Flickr/Luis Tamayo

As developers look to latch on to the popularity of bike sharing, winners and losers emerge

Construction won’t begin until next year on the expanse of parking lots that will become Boston’s long-awaited Seaport Square neighborhood, but developers have already installed the first Hubway bike sharing station on the sprawling 6.5 million square-foot parcel.

Once the new residences, shops, restaurants, office space, and hotels go up, “We plan on having several stations out there. We think it will be that much in demand,” says Kevin R. Benedix, executive vice president of Seaport Square developer Boston Global Investors.

"You are always looking for amenities that bring that lifestyle to the project. Maybe back in the day it was a (swimming) pool,” that attracted tenants to a particular residential complex. Today, he says, bike share stations and car-sharing services are more popular with perspective tenants. “We love it because it gives us an anchor in the community and connects our property to the rest of the city.”

Universities, hospitals, corporate campuses, and business improvement districts were among the first to sponsor stations in cities such as Boston, Denver, and San Antonio. But for real estate developers and property managers, the stakes are twice as high.

Beside the marketing boon, adding the sharing station to development plans in densely populated cities can help developers address the traffic and parking concerns that typically accompany construction plans. In at least one jurisdiction, Arlington County, Va., part of the 15-month-old Capital Bikeshare program, officials have already added station sponsorship to the zoning process. Developers can now negotiate with county officials to include full or partial station funding as part of a transit-related improvements package.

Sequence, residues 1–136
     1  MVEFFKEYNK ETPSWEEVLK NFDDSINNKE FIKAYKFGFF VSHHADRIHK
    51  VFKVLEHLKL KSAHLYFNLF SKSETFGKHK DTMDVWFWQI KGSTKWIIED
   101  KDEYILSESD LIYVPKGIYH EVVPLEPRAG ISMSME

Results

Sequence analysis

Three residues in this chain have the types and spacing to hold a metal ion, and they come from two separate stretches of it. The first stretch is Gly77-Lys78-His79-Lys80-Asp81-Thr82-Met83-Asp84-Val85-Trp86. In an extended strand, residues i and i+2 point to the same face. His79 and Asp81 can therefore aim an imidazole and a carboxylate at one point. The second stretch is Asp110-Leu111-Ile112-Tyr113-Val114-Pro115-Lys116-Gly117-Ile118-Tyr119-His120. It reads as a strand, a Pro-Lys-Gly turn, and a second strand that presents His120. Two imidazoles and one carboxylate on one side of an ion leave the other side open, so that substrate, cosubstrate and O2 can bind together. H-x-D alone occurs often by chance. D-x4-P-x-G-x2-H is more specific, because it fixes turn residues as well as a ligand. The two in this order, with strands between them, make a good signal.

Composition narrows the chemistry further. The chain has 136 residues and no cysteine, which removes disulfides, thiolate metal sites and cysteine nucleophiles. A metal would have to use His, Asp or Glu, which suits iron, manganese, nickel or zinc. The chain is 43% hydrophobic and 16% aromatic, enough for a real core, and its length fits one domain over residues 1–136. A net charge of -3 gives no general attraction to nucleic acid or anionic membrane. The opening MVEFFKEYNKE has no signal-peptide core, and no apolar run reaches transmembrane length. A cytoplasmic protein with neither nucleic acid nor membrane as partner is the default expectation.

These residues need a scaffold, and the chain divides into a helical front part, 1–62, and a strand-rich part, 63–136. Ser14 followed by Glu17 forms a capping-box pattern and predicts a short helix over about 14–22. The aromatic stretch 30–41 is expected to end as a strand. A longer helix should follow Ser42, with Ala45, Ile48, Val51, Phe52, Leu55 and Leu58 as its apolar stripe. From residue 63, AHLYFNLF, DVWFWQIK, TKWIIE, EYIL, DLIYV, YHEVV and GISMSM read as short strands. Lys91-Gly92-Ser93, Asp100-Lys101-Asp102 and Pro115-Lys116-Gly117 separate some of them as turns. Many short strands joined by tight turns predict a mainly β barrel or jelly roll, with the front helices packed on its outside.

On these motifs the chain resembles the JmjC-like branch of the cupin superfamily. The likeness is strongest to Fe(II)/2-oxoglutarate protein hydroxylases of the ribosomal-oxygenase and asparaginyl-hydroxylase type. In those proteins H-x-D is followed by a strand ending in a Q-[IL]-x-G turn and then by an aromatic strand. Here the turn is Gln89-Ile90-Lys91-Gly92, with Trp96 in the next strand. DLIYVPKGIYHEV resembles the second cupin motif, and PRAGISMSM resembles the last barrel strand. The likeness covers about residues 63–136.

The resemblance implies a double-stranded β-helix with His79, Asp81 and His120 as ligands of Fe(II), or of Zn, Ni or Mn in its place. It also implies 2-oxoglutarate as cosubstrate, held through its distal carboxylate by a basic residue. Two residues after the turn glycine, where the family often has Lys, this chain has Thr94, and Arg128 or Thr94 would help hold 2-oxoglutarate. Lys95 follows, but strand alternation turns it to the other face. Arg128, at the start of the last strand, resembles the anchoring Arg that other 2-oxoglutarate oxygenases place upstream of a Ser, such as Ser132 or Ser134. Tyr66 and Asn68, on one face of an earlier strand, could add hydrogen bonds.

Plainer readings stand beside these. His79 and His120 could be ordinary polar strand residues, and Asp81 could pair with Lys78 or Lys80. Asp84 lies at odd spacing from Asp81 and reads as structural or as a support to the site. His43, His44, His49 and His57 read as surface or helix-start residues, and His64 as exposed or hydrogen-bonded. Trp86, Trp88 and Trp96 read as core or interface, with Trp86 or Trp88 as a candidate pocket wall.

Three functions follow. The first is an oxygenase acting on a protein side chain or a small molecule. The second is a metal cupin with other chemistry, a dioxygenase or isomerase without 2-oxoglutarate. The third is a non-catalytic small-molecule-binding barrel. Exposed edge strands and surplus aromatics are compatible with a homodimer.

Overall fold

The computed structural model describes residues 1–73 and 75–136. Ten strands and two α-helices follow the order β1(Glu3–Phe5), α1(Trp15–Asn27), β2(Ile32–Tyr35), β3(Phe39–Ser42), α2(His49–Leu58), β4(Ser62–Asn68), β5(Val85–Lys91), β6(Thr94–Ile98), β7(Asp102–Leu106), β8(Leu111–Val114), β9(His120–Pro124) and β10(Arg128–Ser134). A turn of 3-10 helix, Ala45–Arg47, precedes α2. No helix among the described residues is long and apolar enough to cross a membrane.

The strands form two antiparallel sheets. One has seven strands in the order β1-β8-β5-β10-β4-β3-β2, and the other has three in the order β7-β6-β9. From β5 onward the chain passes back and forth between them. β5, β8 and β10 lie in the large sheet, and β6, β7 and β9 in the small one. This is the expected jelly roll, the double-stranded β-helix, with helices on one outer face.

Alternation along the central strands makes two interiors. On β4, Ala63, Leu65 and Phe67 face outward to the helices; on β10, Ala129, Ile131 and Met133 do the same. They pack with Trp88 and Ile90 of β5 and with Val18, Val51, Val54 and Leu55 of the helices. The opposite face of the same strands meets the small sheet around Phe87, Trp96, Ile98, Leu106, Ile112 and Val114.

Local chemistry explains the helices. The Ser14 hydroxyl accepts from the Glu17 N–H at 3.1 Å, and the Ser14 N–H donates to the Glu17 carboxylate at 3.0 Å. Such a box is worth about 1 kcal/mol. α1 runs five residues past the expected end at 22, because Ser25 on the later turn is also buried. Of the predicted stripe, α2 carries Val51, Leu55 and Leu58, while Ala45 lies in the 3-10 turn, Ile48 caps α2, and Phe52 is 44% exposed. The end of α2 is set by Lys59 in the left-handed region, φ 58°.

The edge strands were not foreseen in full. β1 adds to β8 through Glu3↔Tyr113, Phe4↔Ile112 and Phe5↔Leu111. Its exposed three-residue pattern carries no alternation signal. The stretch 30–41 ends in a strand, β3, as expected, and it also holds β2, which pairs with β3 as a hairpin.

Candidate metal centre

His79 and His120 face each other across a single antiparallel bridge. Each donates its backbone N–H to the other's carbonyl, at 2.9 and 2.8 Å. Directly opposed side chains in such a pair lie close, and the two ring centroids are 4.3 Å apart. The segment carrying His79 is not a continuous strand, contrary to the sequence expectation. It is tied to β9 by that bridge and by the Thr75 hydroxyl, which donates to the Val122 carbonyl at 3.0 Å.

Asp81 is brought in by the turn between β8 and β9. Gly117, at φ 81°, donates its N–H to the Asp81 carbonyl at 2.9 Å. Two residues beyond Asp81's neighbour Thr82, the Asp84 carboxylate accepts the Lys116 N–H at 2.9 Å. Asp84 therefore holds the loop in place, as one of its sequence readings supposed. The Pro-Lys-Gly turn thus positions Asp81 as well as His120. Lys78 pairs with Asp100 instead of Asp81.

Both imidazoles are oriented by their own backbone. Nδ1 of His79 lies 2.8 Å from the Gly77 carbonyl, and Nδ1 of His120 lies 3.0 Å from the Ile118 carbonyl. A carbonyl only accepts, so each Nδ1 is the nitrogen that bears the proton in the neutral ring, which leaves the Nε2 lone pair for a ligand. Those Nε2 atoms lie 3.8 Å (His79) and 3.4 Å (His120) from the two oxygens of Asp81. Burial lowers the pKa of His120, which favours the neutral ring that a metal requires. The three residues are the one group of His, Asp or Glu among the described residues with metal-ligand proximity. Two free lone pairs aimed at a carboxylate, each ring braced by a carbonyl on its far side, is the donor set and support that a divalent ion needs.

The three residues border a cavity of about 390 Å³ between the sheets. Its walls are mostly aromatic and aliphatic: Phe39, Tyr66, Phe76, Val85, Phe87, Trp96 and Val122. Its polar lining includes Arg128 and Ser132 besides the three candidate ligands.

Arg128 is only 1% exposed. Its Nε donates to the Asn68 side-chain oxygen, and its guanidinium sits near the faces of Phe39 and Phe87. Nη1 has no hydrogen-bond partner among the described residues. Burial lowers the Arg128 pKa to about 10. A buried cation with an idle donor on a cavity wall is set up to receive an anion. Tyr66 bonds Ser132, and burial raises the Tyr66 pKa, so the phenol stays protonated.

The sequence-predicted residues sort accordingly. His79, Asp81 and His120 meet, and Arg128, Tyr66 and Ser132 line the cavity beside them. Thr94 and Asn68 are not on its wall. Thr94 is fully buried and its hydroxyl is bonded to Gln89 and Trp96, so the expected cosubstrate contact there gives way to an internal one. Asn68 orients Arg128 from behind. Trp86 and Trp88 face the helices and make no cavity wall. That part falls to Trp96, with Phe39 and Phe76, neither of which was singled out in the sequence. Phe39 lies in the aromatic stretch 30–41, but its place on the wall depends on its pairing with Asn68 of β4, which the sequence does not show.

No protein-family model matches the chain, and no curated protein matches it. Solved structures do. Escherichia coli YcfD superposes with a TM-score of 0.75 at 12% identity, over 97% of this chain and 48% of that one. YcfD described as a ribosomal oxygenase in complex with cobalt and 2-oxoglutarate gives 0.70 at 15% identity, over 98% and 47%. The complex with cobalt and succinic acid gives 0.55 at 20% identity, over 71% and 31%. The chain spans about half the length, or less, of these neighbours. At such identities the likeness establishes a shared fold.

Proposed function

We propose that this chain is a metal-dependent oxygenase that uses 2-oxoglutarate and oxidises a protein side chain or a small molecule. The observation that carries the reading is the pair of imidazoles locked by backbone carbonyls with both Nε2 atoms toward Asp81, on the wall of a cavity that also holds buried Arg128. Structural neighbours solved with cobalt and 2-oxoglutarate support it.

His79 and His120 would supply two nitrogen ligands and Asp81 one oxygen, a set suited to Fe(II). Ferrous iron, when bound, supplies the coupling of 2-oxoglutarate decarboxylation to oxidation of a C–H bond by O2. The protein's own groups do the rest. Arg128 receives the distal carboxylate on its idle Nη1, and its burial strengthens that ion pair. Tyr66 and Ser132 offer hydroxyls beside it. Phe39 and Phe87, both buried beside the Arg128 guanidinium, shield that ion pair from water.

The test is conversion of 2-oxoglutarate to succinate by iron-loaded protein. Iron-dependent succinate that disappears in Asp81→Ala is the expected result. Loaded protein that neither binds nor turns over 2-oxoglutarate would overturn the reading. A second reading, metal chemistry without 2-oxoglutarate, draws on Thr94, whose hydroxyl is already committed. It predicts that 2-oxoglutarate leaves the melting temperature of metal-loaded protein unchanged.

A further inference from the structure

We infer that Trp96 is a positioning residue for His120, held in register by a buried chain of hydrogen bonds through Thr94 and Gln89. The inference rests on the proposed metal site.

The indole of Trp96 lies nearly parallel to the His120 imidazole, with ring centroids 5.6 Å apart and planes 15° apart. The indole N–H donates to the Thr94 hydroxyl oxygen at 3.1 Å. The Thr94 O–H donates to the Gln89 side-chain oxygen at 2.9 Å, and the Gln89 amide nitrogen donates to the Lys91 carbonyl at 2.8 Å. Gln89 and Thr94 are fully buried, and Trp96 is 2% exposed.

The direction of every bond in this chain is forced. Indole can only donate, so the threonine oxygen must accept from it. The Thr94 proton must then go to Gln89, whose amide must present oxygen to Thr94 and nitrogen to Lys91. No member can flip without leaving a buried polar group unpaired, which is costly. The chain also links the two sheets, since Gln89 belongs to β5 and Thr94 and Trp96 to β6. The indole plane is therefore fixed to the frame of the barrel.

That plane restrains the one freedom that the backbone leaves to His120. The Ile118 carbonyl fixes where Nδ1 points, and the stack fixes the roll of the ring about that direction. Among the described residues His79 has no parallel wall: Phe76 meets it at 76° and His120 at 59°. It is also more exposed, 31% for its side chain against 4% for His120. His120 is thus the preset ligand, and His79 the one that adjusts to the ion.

“We felt it was important to spend on alternative transportation, too,” says Kelly Shooshan, chief operating officer of the Shooshan Company, the first Arlington developer to take advantage of the new policy. It picked up part of the tab on a new bike share station planned for the county’s Ballston area. The money came out of mitigation funds the company would have spent anyway as part of the permitting process on a 20-story Ballston office tower called Founders Square.

Paul DeMaio, Capital Bikeshare Program Manager for Arlington County, says discussions with developers are becoming “more and more commonplace as developers wake up to the possibilities.”

Other high profile addresses with bike share sponsorship deals include the redevelopment of the historic Union Station neighborhood in Denver and Boston’s venerable Prudential Center. Union Station is still in the planning stage, while the Prudential high-rise mix of living quarters, offices and a shopping mall has been a landmark in Boston’s Back Bay since it was built in 1965.

“It’s natural that developers would look to capitalize on biking’s popularity,” says Jack Robbins, a senior urban designer with the architectural firm Perkins + Will in New York City, where officials recently picked Portland, Ore.-based Alta Bicycle Share, Inc., to launch a 10,000 bike system next summer. Officials there have also called for corporate sponsors.

While sponsorship fees vary from city to city, a single station costs about $50,000 to equip and install plus tens of thousands of dollars in annual maintenance costs. With many bike share programs reporting ridership and membership numbers growing faster than originally estimated, Alta's Mia Birk, and her company's chief competitor, Waterloo, Wis.-based B-cycle, are seeing more requests from private sector companies, as well.

“A year and a half ago, it was very difficult to explain what bike share does. Now we are fielding more and more questions about the possibilities,” says Lee Jones, director of sales and marketing at B-cycle, which operates programs in Denver, San Antonio, Madison, Wis., and Kailua, Hawaii, among other places.